By Hans Peter Meyer
Special to The Record
Most of what’s happening in the Comox Valley’s “innovation” sector isn’t about tech. It’s about people creating new products and services, based on their smarts, and finding ways to reach markets far beyond our borders.
Integrated Carpentry Tutorials is a good example. Richard Dickenson is a 35-year carpenter and a former college instructor. He’s now a knowledge sector entrepreneur, growing a business that’s meeting needs across the country.
What makes Integrated Carpentry Tutorials innovative?
Teaching people a trade is not unique. Teaching them how to pass a university-level exam is. As is the focus on research skills. The ICT course teaches carpenters how to find things in Canada’s National Building code, and how to understand the complex questions posed in the ITA practice exams teaches them how to pass the exam. These are research skills they need to know to be successful trades people, successful navigators of today’s information economy.
“Many of the carpenters I meet have been in the trades for 15-20+ years,” Dickenson says. “They can handle the challenges of the job, but after years away from school, sometimes without a high school diploma, they often lack the confidence to challenge the Industrial Training Authority (ITA) Red Seal exams.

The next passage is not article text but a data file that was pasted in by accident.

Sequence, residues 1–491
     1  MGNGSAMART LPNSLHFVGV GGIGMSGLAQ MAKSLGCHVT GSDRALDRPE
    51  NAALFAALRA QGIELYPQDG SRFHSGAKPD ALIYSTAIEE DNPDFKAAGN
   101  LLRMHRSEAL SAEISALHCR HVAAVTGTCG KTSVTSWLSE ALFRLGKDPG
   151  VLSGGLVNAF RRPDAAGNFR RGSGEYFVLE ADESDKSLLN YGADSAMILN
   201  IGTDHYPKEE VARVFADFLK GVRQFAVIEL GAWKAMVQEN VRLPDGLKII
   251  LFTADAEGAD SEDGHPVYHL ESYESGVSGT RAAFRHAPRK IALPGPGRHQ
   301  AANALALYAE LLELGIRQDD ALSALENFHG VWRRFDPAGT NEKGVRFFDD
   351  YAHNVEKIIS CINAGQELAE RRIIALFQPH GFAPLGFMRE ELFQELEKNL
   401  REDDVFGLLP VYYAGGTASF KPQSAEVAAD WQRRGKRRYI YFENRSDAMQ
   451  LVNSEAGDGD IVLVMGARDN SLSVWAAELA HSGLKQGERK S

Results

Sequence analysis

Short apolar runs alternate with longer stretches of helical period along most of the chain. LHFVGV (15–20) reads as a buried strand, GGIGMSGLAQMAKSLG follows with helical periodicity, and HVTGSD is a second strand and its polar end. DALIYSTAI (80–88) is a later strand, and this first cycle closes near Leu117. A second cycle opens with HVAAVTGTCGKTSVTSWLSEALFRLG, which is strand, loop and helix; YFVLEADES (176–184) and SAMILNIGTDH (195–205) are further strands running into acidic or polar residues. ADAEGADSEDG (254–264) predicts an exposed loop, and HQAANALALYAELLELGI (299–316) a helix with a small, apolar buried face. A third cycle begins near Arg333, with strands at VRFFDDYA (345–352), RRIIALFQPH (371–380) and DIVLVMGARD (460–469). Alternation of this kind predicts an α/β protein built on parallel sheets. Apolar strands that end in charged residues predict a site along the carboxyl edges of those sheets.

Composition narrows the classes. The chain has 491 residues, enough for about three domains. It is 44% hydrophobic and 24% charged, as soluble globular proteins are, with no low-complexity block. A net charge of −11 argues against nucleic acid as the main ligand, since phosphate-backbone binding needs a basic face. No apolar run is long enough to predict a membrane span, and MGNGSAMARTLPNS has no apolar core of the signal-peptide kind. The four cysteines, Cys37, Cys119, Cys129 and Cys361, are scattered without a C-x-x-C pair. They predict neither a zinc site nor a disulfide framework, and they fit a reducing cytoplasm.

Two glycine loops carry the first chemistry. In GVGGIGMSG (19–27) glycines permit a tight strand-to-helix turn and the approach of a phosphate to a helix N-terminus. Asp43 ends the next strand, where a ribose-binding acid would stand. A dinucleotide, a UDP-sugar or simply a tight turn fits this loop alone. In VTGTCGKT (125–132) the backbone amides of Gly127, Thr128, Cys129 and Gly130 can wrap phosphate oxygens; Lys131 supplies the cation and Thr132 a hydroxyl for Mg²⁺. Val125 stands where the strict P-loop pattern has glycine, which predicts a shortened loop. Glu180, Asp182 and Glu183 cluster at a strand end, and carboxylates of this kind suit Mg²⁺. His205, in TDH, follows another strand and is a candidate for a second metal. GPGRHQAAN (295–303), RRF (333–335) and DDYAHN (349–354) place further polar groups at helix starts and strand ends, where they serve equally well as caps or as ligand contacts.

“Without a Red Seal they’re not getting the pay and benefits they are due. Without a Red Seal, they’re also limited in their ability to help junior tradespeople. And Canada needs trained tradespeople.”
Learning to network
Dickenson has watched how his classrooms have become hotbeds for job finding and support. It’s one of the unexpected benefits of the Red Seal Prep courses. Business people are practiced networkers. Tradespeople, not so much. Isolated on job sites or focused on specific tasks, this key information-sharing activity is rarely practiced.
“Cross pollination,” said Dickenson. “The whole ‘six degrees of separation’ thing. What so many of us take for granted outside of trades, it’s helping carpenters move forward.”
He has plans to use social media to extend what happens in the ICT classrooms.
Dickenson also sees knowledge transfer as important for the industry, and for specific communities. That’s why ICT is very interested in working with First Nations carpenters.
“Many First Nations communities are isolated. Yet they’re full of smart young people who need access to apprenticeship opportunities and supports. I’m seeing our successful Red Seal guys taking skills back into the heart of their communities, supporting new trades people, and creating intergenerational change. That’s exciting!”
ITC has a Red Seal prep course for Comox Valley area-working carpenters starting May 7. FMI see bit.ly/1SJTee2 or call Dickenson at 250-331-1117.